As an antidote to the “grow grow grow” mentality of the elected officials and business leaders pushing charter schools, a recent report by University of Oregon professor and political economist Gordon Lafer outlines what’s wrong with privatization of public schools.
The report, titled Do Poor Kids Deserve Lower-Quality Education than Rich Kids? Evaluating School Privatization Proposals in Milwaukee, focuses on the model of Rocketship, a national charter elementary school organization that hopes to expand its Milwaukee footprint to eight schools by 2018.
City officials have even considered carving out the lowest-performing parts of the city’s schools for charters to operate, similar to the New Orleans “recovery district.” Milwaukee’s Chamber of Commerce and Democratic Mayor Tom Barrett are among the charter chain’s supporters, raising millions to help it grow.
Rocketship’s investors, who are tech industry heavyweights, claim altruistic intentions: they care about the kids! But they’re also profiting from the expansion of charter schools, a market for their own products and services.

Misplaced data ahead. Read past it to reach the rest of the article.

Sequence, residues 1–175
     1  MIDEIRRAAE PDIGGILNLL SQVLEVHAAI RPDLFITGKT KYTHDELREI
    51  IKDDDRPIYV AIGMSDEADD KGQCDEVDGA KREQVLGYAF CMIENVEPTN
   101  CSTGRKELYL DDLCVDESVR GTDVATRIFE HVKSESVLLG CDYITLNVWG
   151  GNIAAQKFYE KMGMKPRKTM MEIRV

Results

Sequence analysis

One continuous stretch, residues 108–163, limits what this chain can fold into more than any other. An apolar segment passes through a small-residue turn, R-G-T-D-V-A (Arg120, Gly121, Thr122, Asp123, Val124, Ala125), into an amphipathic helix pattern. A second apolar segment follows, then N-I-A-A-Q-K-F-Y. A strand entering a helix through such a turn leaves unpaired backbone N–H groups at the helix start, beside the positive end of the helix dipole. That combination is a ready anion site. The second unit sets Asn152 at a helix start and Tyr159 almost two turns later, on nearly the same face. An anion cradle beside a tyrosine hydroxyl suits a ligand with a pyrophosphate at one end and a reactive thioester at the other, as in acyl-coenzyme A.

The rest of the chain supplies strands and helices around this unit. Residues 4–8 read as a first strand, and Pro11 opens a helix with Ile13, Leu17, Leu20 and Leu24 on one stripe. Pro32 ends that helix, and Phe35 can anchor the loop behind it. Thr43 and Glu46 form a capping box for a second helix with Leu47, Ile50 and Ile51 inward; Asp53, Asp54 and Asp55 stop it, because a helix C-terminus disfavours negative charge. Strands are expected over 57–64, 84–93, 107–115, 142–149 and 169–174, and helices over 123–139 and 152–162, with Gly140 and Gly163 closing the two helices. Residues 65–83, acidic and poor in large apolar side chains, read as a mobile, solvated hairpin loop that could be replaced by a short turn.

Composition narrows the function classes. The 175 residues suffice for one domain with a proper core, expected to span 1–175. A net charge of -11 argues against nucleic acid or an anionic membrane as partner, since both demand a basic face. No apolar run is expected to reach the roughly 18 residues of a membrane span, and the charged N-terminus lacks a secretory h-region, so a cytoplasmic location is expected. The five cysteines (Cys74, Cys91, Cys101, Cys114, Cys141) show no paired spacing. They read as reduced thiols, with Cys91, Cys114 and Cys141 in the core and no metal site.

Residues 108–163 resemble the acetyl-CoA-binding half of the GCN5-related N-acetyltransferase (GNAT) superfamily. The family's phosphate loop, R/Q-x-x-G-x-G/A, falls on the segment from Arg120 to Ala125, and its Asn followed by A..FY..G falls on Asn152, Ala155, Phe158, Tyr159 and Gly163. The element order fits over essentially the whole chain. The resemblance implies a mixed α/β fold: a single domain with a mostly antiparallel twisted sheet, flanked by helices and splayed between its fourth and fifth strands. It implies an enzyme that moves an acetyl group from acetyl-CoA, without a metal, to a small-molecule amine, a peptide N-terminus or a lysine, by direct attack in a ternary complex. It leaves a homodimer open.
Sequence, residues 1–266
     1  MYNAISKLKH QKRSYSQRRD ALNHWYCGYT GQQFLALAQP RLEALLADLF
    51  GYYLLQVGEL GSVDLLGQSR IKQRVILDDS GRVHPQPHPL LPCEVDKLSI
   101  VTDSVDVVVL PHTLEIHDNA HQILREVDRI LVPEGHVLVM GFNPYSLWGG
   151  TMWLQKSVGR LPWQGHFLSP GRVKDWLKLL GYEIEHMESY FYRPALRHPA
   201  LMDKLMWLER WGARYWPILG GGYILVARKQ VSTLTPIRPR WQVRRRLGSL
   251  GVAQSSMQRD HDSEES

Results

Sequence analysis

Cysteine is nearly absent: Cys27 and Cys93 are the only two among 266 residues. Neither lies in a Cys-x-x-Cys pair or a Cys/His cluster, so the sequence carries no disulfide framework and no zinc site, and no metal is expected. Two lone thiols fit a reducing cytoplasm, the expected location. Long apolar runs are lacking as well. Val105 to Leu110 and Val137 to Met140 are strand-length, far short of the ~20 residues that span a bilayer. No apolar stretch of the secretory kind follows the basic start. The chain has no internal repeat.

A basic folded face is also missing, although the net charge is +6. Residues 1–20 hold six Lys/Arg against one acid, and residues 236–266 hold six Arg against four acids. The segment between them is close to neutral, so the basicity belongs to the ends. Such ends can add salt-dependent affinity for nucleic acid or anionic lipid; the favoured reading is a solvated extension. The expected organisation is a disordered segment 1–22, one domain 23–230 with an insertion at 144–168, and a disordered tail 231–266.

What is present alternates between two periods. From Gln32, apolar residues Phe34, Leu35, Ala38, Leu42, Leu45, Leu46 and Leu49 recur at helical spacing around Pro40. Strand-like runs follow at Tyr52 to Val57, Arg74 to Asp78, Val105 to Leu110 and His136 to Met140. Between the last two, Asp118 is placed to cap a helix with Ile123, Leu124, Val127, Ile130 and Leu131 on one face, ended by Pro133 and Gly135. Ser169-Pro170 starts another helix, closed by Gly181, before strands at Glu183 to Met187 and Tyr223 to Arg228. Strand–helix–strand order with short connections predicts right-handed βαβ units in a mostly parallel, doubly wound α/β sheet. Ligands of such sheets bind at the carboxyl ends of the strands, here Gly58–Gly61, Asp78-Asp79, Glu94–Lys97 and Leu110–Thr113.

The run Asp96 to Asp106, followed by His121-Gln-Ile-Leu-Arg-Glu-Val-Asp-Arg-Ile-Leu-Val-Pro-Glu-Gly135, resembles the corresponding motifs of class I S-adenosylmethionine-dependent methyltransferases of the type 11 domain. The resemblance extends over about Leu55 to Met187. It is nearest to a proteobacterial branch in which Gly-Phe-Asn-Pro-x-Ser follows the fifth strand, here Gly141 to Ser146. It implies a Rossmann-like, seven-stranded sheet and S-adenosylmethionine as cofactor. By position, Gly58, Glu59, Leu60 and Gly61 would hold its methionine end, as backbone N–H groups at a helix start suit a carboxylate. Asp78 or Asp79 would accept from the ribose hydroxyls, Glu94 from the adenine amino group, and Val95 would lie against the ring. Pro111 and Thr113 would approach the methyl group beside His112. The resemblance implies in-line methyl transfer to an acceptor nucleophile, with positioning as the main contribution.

Case in point: Netflix CEO Reed Hastings, on the board of Rocketship, is also an investor in a company called Dream Box, which runs software the schools use for math applications. In the public sector this type of self-dealing is often prohibited, because schools should be choosing the service or product with the best track record, not the one that will enrich investors.
So it’s no surprise that businessmen like Hastings find investing in charters much more appealing than paying more taxes to support public schools.
Lafer points out that the charter companies’ self-proclaimed cutting-edge learning models offer anything but advanced instruction.
In Rocketship’s “blended learning,” for instance, students learn basic literacy and math with an emphasis on test preparation, receiving online instruction in the schools’ computer labs. Other academic subjects, arts, and music are left out of this education model.
The teachers at such schools are often inexperienced, with an average 30 percent teacher turnover from year to year—twice the Milwaukee school district average. A non-union workforce is part of the incentive for school districts to switch to charters, though some charter teachers have begun to unionize.